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Big Media's Air Raid

As a long-time radio veteran, and someone who has followed the story of media consolidation as closely as anyone, even I was appalled by the details of the Minot, North Dakota train derailment that Eric Klinenberg recounts in the introduction to his new book, Fighting for Air.

According to Klinenberg's excellent narrative, local officials tried to contact the radio stations in Minot to declare an emergency because a toxic cloud five miles long, two-and-a-half miles wide, and 350-feet high was heading straight for town.

There was only one problem: Clear Channel owned every radio station in Minot, and all of its programming was automated. There wasn't a single person in any of the local studios to answer the calls of emergency response officials to alert the public about the impending danger.

By the time the cloud had dissipated, one man was dead, and more than a thousand people needed medical care. If Minot's radio stations hadn't been consolidated and downsized, the town could have been easily evacuated before the slow-moving cloud reached the city limits.

And that's just the introduction of Fighting for Air.

Klinenberg, a sociologist from New York University with a reporter's gift for uncovering the stories behind the stories, methodically chronicles the effect of consolidation on every medium since the disastrous Telecommunications Act of 1996, including network and local television; network and local radio; mainstream and alternative newspapers; and the Internet.

Why does radio suck now? Klinenberg explains it.

Why does 24-hour cable television news cover so little news? Klinenberg explains it.

Why does it seem like we have more media options than ever, yet less information about public affairs? Klinenberg explains it.

He effectively and meticulously presents evidence of the cost-cutting that inevitably follows big media mergers, and shows how these have led to decreased news staffs in every medium. That, in turn, has led to a country that only appears to have more information available, while it actually has far less. (What's more terrifying than an uninformed electorate? An uninformed electorate that actually thinks it's informed.)

He shows how the increased power of these few media corporations has led to several big stories being buried in the broadcast media, including - and especially - the effect of media consolidation.

He chronicles the complete disregard the current FCC (and the previous edition headed by Michael Powell, Colin's son) has for public, professional, and scholarly opinion about consolidation.

The arguments against Big Media are clinically enumerated by Klinenberg, most convincingly in the sections about the loss of local news and information. Klinenberg also thoroughly and convincingly debunks the arguments that were presented by the industry before the Telecommunications Act of 1996. (Just to take one example, those 1.5 million new jobs that were promised? Never materialized. Instead, 500,000 jobs have been eliminated in the consolidation accelerated by the Act.)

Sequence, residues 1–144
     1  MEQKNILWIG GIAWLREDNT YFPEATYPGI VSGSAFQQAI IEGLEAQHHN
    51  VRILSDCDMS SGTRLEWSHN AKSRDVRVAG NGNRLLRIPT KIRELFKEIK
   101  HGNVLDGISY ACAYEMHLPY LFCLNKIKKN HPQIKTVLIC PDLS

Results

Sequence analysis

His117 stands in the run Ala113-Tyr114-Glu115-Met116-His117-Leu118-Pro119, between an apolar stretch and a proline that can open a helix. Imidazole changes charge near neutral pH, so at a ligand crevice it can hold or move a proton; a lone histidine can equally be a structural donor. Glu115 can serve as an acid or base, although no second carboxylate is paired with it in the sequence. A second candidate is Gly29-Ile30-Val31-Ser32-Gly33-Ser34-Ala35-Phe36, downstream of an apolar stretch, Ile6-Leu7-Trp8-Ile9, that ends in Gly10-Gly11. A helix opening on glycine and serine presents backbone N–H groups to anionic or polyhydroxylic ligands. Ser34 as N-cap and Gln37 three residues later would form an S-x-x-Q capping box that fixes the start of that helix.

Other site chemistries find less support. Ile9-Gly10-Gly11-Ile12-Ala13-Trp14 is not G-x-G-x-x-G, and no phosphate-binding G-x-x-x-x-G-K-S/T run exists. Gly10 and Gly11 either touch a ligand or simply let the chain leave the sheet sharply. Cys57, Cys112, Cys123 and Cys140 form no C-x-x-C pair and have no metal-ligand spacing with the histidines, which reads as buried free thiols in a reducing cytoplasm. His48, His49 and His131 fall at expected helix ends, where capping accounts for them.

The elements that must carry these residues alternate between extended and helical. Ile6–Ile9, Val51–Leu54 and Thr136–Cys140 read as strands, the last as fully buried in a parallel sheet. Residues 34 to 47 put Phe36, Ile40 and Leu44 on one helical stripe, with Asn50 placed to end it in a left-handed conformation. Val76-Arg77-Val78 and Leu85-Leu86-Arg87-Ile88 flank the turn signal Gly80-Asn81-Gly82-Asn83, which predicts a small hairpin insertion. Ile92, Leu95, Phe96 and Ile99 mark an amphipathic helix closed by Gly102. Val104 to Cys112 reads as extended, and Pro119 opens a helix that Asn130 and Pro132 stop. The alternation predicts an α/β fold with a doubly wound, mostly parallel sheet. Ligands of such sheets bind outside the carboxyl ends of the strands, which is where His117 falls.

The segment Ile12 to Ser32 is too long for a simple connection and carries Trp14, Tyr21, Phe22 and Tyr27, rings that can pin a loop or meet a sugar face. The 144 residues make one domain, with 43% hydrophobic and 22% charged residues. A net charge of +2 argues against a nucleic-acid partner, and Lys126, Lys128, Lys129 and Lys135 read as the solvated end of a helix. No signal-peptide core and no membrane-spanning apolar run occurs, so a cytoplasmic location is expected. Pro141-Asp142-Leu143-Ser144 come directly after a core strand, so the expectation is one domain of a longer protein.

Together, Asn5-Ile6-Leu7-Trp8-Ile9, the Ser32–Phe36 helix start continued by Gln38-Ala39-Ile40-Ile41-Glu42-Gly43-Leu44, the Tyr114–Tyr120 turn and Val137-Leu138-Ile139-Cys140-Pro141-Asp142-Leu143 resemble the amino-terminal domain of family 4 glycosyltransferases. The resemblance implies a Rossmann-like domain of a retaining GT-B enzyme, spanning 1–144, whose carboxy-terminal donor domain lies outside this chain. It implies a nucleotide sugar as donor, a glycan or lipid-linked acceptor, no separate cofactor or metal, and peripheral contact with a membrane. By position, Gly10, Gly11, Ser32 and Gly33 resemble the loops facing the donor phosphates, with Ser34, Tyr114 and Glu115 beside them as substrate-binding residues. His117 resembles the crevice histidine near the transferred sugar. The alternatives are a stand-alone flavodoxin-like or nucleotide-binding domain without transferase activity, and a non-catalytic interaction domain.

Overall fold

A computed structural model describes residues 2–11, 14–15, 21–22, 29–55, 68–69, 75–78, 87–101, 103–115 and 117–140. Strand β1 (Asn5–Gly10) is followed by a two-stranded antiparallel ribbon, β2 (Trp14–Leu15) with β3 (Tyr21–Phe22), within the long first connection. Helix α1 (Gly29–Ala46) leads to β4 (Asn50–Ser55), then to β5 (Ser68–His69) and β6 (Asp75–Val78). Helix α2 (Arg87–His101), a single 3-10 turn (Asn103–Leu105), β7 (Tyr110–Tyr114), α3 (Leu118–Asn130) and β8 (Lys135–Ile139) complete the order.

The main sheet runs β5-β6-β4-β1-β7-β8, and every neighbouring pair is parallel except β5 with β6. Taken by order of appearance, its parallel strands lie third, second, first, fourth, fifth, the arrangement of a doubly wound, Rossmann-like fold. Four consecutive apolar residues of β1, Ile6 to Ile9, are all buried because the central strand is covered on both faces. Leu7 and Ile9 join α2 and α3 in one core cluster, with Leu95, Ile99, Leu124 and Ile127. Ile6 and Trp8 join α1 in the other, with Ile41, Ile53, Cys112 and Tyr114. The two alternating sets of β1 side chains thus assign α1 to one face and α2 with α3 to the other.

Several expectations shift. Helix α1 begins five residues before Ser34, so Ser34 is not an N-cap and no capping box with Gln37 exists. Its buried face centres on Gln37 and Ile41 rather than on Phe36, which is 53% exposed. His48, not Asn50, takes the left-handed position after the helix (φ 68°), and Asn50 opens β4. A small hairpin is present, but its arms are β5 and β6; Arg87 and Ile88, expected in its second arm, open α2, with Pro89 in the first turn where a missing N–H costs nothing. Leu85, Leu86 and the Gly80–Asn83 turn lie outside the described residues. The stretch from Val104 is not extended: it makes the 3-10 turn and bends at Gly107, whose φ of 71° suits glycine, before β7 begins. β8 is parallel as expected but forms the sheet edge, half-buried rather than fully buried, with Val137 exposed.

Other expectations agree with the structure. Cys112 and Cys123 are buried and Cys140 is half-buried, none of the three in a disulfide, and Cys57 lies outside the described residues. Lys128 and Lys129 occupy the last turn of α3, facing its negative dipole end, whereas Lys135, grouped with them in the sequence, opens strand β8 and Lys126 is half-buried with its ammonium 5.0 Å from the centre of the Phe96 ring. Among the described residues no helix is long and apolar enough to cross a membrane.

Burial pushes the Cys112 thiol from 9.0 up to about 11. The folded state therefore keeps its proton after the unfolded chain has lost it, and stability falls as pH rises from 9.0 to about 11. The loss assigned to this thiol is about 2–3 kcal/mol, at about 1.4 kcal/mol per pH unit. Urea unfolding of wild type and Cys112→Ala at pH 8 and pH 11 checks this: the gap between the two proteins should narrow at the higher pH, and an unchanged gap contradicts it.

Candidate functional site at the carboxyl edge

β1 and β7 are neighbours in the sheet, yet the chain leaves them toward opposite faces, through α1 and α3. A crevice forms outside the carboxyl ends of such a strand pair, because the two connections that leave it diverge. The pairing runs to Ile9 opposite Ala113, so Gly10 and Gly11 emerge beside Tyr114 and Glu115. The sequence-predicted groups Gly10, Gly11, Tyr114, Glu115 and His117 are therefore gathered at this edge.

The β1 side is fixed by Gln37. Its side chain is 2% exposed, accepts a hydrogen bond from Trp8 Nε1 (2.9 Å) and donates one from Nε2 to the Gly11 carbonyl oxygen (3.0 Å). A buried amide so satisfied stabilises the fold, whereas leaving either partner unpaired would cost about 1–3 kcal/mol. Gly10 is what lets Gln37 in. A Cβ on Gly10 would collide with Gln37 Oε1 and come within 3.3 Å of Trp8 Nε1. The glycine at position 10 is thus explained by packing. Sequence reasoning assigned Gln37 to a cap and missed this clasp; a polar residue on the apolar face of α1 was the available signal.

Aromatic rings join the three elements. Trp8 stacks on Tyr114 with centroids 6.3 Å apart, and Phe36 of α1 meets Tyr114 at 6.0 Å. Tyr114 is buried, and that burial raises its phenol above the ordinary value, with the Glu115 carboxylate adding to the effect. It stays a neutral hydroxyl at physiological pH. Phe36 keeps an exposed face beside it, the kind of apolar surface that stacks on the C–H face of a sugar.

So what is the argument for further deregulation, like that intensely lobbied for by Tribune Company, among others? I thought the answer produced the funniest quote in the book, from a Heritage Foundation article often cited by Powell: "The real danger to Americans is that outdated and unnecessary FCC restrictions will limit improvements in media markets and technologies, limiting the benefits that they can provide."

Got it? They aren't making enough money to improve technologies. If you just let them own it all . . . they'll work harder at making it better.

Is there honestly anyone in the world who believes that? Certainly no one who has ever worked in the media. So why aren't members of the broadcast media (who would personally be most harmed by further consolidation) coming out to aggressively point out how ridiculous this argument is?

Simple. To tell the truth about your corporate media bosses is to commit career suicide.

To tell the truth about the FCC is to bring down the wrath of the FCC on your bosses, which is an even more effective way of committing career suicide.

Fighting For Air isn't the first book to tell this story, but it's probably the most impressively researched and well-written.

My only quibble with Klinenberg's book is his assignation of political motives to some of the big media CEOs. In my experience, these guys don't have a political agenda as much as they have insatiable greed. Scratch the surface of an apparent political agenda (even Rupert Murdoch's) and you're bound to find just another money grab.

At its heart, however, Fighting for Air tells an important truth: The big media corporations have completely abdicated the public interest obligations required as a precondition of operating the public airwaves, and the FCC, which was founded to keep an eye on this above all other things, is helping them do it.

I guess it takes a sociologist to tell the real truth about the media.

*

Rick Kaempfer was a Chicago radio producer (Steve Dahl & Garry Meier, John Records Landecker) and host for 20 years. He is the co-author of The Radio Producer's Handbook (Allworth Press, 2004) and the author of $everance, a satirical novel about the broadcast industry coming out in April on ENC Press. Rick covers the media regularly on one of his many blogs and is a frequent Beachwood contributor.



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Posted on January 27, 2007


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